Posts Tagged ‘google mashup’

Take Control of Your Maps (A List Apart)

Monday, May 12th, 2008

(Reprinted from A List Apart. Thanks Peter! Paul Smith is is a co-founder and developer at EveryBlock, see this blog post. He has been creating sites and applications on the Web since 1994. He’s also co-creator of the Election Day Advent Calendar, and a founding member of Friends of the Bloomingdale Trail. He lives in Chicago, Illinois.)


map a list apart

We live in the era of Google Maps. What started off as an impressive refresh of Mapquest-style maps now fuels web mashups. With APIs official and unofficial, Google Maps is simple enough for front-end designers to embed and for back-end programmers to target. Along the way to becoming nearly ubiquitous, it has played a major role in the “democratization of mapping.” For the practical developer who wants to add geospatial information to a site or application, the Google Maps API has been an easy call.

But, perhaps no longer. As websites mature and the demand for geographic applications grow, the old mashup arrangement is starting to chafe. Mapping components are more and more vital, and so we demand greater control, expressiveness, and functionality from them.

Fortunately, as in many aspects of internet technology, an ecology of open source online mapping tools has emerged alongside the market leader. It is now possible to replicate Google Maps’ functionality with open source software and produce high-quality mapping applications tailored to our design goals. The question becomes, then, how?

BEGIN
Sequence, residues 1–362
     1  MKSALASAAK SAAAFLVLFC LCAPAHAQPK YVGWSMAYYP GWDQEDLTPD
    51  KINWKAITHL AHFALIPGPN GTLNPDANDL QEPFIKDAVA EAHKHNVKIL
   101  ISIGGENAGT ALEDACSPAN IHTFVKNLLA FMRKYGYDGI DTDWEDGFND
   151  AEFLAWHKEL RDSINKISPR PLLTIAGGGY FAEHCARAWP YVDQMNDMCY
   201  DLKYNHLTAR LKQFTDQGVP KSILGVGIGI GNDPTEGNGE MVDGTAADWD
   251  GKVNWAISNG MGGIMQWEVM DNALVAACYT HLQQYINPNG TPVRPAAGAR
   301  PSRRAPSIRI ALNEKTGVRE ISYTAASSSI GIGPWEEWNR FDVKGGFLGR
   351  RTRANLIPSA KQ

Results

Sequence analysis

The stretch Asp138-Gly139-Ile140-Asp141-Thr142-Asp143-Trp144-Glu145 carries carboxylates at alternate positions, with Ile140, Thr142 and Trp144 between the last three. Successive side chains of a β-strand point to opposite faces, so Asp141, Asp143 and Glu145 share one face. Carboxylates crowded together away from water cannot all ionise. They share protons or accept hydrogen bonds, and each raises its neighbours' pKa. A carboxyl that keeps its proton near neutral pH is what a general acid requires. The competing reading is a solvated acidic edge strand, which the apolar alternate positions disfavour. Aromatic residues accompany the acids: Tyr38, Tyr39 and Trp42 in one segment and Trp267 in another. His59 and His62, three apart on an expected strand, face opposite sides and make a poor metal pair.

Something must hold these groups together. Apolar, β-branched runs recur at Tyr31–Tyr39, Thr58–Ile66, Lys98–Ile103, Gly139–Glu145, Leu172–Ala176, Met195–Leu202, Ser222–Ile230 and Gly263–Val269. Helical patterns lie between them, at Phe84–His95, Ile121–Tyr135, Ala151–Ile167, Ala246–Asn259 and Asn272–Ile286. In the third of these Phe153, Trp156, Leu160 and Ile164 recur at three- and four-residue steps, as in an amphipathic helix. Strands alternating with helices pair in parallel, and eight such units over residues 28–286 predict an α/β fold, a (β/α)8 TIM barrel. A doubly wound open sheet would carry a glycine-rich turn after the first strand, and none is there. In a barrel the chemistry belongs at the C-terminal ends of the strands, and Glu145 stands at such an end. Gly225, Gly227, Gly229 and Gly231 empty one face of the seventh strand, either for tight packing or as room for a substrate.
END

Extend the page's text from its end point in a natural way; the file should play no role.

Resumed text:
Continue reading how to create a custom web map . . .

— And skipping right to the conclusion —


One of the great things about online mapping is that it straddles the line between the artistry and communication of cartography, and the precision and programmability of GIS. You can produce great-looking maps that are highly functional and integrate smoothly with your application. It’s my hope that this article demystified the web map stack and will get you thinking about how you can take control of the maps in your site.


There are many open source projects related to online mapping and GIS. This article touched on these:

In addition, just to name a few: Modest Maps and Mapstraction are browser UI libraries similar to OpenLayers, in Flash and JavaScript, respectively. GeoServer and MapServer are alternatives to Mapnik in the map rendering department. You owe it to yourself to investigate these alternatives, as they each excel in different ways and one may meet your needs better than the others.

Every Block – Adrian Holovaty’s New Project

Wednesday, March 5th, 2008

every block logoAdrian Holovaty’s new project is EveryBlock, where he and his team answers the question: “What’s happening in my neighborhood?” The website’s aim is to collect all of the news and civic goings-on that have happened recently in your city, and make it simple for you to keep track of news in particular areas. The site is a geographic filter — a “news feed” for your neighborhood, or, yes, even your block. So far only Chicago, San Francisco, and New York but more “coming soon”.

Adrian describes himself as a journalist and Web developer. He has developed award-winning Web applications for (I work for the print edition, he worked for the web edition), and and started EveryBlock after being awarded a two-year grant from the Knight Foundation. He’s one smart dude.

His 2005 project, developed with co-EveryBlocker Wilson, was one of the original Google Maps “mashups” — and eventually helped influence Google to open its mapping infrastructure for all to use.

Adrian co-created Django, a free, open-source development framework that makes it fast and easy for programmers to build Web sites. He co-wrote the Django Book in 2007. Source: